NBA: Defending champions Toronto Raptors launch line of team-branded hijabs in bid to be more inclusive

Toronto Raptors, through their parent company, Maple Leaf Sports and Entertainment, unveiled the Nike Pro hijabs emblazoned with the team logo in a social media post Friday

The Associated Press September 14, 2019 22:29:32 IST
NBA: Defending champions Toronto Raptors launch line of team-branded hijabs in bid to be more inclusive
  • The Toronto Raptors say a new line of team-branded hijabs is part of an effort to be more inclusive to fans of all cultures

  • The team's parent company, Maple Leaf Sports and Entertainment, unveiled the Nike Pro hijabs emblazoned with the team logo in a social media post Friday

  • The National Council of Canadian Muslims praised the Hijabi Ballers for spurring the Raptors to act

Toronto: The Toronto Raptors say a new line of team-branded hijabs is part of an effort to be more inclusive to fans of all cultures.

The team's parent company, Maple Leaf Sports and Entertainment, unveiled the Nike Pro hijabs emblazoned with the team logo in a social media post Friday. The Raptors say they are the first NBA team to offer an athletic hijab for Muslim women.

MLSE senior marketing director Jerry Ferguson says the organization was inspired to create the hijabs by a local Muslim women's organization known as the Hijabi Ballers. The women regularly play basketball at a community court associated with the team.

Ferguson told The Canadian Press the Raptors want to send a message of inclusion to its diverse fan base, which grew substantially during last season's run to the team's first NBA title.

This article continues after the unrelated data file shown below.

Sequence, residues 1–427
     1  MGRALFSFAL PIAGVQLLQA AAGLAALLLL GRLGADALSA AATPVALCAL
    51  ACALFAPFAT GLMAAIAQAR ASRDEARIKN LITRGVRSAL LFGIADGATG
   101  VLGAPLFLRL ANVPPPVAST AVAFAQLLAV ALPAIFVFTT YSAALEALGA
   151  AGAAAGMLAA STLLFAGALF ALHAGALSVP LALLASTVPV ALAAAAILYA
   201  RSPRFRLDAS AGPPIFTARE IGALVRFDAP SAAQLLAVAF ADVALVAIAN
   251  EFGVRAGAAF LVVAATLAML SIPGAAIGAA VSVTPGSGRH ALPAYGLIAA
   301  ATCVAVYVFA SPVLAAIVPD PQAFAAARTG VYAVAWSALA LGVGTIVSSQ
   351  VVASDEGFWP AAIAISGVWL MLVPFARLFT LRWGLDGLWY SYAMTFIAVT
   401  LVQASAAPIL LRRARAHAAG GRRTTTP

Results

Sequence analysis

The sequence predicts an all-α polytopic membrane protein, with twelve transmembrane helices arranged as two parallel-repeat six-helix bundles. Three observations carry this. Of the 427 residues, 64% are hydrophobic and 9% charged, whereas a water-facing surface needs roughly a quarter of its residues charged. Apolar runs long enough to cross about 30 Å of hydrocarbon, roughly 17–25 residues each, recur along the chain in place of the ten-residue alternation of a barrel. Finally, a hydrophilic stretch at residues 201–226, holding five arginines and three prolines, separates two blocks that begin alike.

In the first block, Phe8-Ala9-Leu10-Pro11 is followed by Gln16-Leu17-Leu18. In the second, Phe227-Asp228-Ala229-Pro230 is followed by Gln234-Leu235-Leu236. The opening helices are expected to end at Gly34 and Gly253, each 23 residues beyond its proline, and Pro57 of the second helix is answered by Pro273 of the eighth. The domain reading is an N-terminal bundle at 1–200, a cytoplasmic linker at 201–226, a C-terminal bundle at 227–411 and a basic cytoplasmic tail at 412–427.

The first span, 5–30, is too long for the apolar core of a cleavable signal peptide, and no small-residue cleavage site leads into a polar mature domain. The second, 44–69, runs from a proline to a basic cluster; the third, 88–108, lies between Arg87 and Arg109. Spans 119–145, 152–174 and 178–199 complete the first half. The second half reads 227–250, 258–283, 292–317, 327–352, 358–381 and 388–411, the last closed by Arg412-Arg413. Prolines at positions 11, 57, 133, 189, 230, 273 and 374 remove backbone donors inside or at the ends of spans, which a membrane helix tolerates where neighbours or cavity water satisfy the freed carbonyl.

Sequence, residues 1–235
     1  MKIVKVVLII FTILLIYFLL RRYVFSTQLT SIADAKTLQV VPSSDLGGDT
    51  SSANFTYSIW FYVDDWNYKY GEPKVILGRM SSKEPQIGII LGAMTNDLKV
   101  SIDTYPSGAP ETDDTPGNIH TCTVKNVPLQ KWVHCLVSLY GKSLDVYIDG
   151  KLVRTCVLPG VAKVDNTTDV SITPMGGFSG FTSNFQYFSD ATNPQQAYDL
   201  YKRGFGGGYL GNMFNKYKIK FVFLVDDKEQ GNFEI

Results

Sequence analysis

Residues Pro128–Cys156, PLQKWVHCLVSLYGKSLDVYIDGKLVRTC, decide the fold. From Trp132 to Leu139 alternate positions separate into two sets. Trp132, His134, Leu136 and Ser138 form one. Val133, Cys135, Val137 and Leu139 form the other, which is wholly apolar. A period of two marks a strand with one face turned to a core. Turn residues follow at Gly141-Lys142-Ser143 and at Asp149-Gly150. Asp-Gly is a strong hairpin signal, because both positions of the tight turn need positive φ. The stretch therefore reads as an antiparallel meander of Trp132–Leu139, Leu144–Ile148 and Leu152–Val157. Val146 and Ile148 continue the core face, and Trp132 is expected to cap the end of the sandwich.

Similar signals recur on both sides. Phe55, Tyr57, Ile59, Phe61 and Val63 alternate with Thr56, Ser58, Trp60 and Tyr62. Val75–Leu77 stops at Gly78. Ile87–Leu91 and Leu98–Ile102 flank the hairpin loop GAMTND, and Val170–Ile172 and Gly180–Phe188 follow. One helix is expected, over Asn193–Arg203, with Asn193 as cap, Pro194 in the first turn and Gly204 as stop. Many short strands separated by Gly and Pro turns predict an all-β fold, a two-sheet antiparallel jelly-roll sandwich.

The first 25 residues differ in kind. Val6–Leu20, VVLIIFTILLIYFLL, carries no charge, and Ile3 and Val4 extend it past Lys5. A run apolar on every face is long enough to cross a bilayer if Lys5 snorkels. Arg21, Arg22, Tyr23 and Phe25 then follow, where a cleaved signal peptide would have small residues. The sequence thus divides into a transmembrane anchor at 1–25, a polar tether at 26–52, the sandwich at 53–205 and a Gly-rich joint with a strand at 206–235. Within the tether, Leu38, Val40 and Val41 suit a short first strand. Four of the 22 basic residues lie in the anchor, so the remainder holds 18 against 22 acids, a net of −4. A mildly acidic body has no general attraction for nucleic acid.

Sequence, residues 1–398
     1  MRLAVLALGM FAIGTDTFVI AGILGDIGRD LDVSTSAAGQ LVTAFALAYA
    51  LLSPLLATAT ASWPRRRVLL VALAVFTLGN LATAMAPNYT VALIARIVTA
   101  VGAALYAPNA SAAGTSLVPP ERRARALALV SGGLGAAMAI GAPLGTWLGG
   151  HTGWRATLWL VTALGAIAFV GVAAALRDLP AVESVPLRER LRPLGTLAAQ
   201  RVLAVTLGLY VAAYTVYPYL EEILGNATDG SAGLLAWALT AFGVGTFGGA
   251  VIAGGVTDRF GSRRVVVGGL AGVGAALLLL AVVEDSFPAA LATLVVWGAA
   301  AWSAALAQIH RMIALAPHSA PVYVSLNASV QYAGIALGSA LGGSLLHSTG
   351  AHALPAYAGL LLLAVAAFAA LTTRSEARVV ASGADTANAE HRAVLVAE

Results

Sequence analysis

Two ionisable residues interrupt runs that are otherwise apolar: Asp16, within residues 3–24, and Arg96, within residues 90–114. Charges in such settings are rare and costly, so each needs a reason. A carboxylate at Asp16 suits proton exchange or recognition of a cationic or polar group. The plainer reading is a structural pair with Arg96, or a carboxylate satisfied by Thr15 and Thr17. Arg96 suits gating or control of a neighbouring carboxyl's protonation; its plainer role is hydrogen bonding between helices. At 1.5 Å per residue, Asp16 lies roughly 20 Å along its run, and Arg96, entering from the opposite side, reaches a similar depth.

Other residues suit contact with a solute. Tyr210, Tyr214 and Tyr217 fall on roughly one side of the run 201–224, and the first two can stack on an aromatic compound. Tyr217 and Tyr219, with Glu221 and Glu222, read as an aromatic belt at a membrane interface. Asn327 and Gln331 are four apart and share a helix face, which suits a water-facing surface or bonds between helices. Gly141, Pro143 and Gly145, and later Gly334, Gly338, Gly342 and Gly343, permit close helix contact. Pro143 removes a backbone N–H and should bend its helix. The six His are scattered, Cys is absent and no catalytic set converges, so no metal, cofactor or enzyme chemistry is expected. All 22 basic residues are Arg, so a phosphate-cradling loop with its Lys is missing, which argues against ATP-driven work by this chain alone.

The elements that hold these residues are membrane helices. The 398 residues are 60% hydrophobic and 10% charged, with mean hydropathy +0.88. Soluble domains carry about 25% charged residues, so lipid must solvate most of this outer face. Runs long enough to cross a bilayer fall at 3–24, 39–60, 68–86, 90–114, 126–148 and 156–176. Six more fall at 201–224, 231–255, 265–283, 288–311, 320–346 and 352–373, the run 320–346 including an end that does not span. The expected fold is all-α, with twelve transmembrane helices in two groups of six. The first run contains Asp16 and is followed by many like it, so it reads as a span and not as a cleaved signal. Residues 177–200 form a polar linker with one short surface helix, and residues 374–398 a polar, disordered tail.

"One of the things that we are very interested in is moving from saying we are just about inclusivity and accessibility, and finding ways to bring products and ideas to market that actually prove that," he said by phone.

The International Basketball Federation and FIFA lifted bans on head coverings in recent years.

The National Council of Canadian Muslims praised the Hijabi Ballers for spurring the Raptors to act. Mustafa Farooq, the council's executive director, acknowledged that the issue of hijabs in sports has proved divisive. Opponents have called them a symbol of oppression.

"It's hard for me to understand that," Farooq said. "One of the beautiful things about sports is that everyone can play. Highlighting that ... everyone should get a shot is such a beautiful thing to do, so obviously we thank the Raptors for taking this step."

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